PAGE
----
Investing with the Trend:
A Rule-Based Approach to Money Management
By Gregory L. Morris
Bloomberg Press (An Imprint of Wiley)
$80; 480 pages
Morris, currently chairman of the Investment Committee for Stadion Money Management and its chief technical analyst, provides his four decades of stock market insights and research to assist self-directed investors become more consistent and profitable.
He forcefully conveys his disdain for most stock brokers and charlatans who claim to be experts, but instead are sales people looking for commissions. Throughout the book, Morris provides critical comments on many of the myths of Wall Street that still persist, and then debunks them all with facts and figures.
Moreover, he discusses the tools of modern finance and their short-comings. There is also an extensive discussion of secular bull and bear markets and their inevitability over time.
Coupled with his real-time investing experience, he clearly demonstrates that rule-based trend following methods perform better than the overused and inferior buy-and-hold approach with less risk and higher returns. Morris’ delivers extensive systematic back-testing (for example, using the S&P 500 Index, the Dow-Jones Industrials and other indexes) for each concept he presents. More than 80 pages of testing results are provided. Moreover, select tables and charts are available online at a Wiley website that is provided.
According to the author, the stock market is not efficient and can be exploited by smart investors to make a profit. That is because most investors are affected by their emotions and act accordingly, usually with bad results.
Initially, the author provides a definition of 35 key terms so the reader will understand future chapter material,
It takes more than two-thirds of the book to get to the author’s investing model. This fact alone illustrates his judicious approach to presenting the necessary background information on the stock market before explaining his investing strategy.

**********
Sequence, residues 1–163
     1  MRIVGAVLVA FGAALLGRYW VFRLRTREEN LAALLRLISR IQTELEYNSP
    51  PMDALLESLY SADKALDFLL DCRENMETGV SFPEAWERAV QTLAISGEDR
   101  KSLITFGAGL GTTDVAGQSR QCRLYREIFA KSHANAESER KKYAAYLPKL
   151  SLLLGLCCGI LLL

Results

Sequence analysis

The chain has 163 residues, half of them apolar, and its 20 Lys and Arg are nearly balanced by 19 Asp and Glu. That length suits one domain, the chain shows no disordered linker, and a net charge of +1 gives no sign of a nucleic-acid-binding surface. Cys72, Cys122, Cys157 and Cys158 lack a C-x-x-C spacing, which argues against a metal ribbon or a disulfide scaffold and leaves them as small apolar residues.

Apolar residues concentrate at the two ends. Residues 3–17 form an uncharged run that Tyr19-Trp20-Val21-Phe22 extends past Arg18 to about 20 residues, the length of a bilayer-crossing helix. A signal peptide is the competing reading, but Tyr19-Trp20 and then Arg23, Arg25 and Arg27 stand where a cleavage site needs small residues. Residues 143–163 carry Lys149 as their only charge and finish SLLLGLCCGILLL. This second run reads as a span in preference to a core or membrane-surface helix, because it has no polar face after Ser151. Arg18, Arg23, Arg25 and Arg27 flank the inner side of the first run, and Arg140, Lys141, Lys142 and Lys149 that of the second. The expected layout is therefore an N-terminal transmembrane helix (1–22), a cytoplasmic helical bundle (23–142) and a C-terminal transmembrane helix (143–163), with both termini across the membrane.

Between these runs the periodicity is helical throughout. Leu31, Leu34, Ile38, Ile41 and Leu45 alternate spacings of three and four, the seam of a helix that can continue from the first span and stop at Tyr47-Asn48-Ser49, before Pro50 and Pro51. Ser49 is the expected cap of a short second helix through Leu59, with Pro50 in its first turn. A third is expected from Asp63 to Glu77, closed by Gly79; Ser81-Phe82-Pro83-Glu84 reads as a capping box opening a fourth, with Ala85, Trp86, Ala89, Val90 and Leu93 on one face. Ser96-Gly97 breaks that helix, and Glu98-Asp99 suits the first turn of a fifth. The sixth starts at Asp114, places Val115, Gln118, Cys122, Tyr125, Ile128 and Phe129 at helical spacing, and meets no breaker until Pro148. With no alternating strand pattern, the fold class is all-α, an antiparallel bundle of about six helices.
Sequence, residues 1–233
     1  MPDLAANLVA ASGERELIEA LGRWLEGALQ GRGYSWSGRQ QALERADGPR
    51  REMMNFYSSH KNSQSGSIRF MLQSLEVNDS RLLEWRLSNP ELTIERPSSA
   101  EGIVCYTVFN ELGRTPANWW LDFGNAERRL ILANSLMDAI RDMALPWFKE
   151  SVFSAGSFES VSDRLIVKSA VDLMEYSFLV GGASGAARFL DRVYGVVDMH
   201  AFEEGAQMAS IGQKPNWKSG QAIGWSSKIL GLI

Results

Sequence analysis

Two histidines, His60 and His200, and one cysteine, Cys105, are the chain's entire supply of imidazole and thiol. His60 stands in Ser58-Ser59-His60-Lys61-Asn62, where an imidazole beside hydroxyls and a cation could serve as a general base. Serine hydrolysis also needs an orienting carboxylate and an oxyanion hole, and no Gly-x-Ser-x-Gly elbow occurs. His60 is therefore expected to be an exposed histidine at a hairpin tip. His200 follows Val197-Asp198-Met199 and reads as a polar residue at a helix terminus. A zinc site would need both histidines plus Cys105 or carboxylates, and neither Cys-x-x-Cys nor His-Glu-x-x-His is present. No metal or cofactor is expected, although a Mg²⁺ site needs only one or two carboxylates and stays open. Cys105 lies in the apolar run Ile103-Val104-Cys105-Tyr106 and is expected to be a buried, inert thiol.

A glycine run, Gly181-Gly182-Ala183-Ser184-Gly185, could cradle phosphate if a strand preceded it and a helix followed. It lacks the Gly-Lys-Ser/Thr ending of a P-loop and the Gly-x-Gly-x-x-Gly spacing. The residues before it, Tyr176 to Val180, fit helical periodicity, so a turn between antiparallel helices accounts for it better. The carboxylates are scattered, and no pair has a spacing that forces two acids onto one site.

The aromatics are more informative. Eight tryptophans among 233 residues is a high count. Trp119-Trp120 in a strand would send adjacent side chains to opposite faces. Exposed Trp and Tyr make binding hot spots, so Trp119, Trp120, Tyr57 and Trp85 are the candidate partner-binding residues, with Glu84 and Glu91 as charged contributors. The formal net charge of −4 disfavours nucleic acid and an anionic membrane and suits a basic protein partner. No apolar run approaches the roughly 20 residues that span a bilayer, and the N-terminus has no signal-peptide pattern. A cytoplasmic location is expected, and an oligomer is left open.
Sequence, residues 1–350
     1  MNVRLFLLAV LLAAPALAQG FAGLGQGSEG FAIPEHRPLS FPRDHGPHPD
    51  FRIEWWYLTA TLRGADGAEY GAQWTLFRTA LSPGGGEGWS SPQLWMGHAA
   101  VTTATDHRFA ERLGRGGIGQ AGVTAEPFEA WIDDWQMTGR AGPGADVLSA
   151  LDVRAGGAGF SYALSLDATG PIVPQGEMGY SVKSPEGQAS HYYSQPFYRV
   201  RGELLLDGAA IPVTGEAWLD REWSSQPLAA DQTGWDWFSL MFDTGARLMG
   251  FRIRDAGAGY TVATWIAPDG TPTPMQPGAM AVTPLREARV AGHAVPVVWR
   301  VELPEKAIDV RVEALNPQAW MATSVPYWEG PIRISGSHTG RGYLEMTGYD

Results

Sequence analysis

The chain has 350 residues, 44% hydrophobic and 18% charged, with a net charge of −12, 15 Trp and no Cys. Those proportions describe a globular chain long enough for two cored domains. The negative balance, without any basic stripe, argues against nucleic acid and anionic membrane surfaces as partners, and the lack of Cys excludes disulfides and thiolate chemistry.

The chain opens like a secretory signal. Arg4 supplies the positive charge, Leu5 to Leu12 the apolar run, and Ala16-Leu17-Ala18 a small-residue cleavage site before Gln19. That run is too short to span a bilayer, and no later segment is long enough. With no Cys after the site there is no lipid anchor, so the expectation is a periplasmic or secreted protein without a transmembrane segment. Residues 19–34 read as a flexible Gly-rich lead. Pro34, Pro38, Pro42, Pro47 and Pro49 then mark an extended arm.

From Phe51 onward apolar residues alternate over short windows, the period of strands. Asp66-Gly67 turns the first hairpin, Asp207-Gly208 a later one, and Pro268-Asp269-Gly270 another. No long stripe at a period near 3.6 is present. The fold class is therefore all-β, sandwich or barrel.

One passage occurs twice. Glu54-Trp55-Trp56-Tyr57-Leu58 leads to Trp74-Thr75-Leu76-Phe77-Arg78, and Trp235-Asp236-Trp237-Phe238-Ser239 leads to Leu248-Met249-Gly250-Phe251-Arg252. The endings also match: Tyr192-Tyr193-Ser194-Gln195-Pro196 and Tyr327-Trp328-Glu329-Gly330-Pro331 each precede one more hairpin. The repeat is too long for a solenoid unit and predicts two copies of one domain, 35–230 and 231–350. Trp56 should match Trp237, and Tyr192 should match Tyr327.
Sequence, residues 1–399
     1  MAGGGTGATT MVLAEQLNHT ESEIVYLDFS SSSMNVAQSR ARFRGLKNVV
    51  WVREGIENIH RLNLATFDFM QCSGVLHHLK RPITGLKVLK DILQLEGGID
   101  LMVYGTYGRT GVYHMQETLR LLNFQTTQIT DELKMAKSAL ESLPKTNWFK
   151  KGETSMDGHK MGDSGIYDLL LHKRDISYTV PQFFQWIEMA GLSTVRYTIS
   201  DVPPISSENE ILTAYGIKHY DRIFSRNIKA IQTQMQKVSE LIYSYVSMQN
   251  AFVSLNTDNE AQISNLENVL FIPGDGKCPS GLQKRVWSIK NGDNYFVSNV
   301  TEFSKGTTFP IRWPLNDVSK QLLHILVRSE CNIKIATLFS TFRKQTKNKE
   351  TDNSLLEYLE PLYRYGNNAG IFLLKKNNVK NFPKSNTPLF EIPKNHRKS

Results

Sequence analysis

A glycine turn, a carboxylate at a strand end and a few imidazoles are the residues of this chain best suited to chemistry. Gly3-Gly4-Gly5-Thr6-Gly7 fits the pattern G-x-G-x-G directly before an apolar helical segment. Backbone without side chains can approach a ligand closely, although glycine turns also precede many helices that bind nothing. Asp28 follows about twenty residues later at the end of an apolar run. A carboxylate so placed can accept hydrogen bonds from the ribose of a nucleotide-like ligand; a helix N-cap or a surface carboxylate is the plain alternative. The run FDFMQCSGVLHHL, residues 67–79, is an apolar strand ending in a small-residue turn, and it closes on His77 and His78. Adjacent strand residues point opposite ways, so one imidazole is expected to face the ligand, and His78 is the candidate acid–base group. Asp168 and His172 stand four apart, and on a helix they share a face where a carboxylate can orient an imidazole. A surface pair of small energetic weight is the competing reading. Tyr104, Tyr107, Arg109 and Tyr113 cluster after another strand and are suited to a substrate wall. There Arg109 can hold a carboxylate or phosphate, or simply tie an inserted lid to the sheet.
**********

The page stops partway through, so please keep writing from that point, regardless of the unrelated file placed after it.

Considerable time is spent on reviewing a number of technical indicators that Morris finds useful in assessing the market’s health. Technical analysis bridges the gap between the analysis and taking action. Therefore, investors using these indicators should react to the market not predict what it will do. His favorite price-based indicator is 14-day Stochastics with horizontal lines at 20, 50 and 80. In his work, he found that average drawdown is a much more accurate measure of loss than maximum drawdown, and moving average convergence/divergence is useful for trend determination, and the relative strength index works well as a divergence indicator.
Investors need a specific investing process not a random, guessing approach. The first step in investing is to understand the current state of the stock market by looking at a combination of technical indicators that unemotionally tell the story of what is actually happening and whether a trend change is occurring or not. Morris provides actionable information as opposed to observable information. The overriding theme is risk avoidance.
In two chapters at the end of the book, Morris puts everything together so the reader can see how the investing process works with all the key components, including the results of his model against the benchmark. He also provides numerous quotes, tidbits, bibliography, websites and lists that will help investors better understand and expand upon the material presented.
The single goal of his book was to provide sufficient evidence that investors can successfully invest using methods that are not in the mainstream of Wall Street. This goal was definitely accomplished, as the reader will find the answer in this book.
Morris has provided a trail-blazing review of the current workings of the stock market, the ton of misinformation disseminated on Wall Street and in the finance arena, and the benefits of using his thoroughly tested rules-based trend following methodology with technical analysis. This lengthy book will take time to digest, as it contains extensive research data that support Morris’s profitable strategy—but it is worth the time.
Leslie N. Masonson is a trader and the author of Buy DON’T Hold and All About Market Timing (Second Edition). Reach him at firstname.lastname@example.org.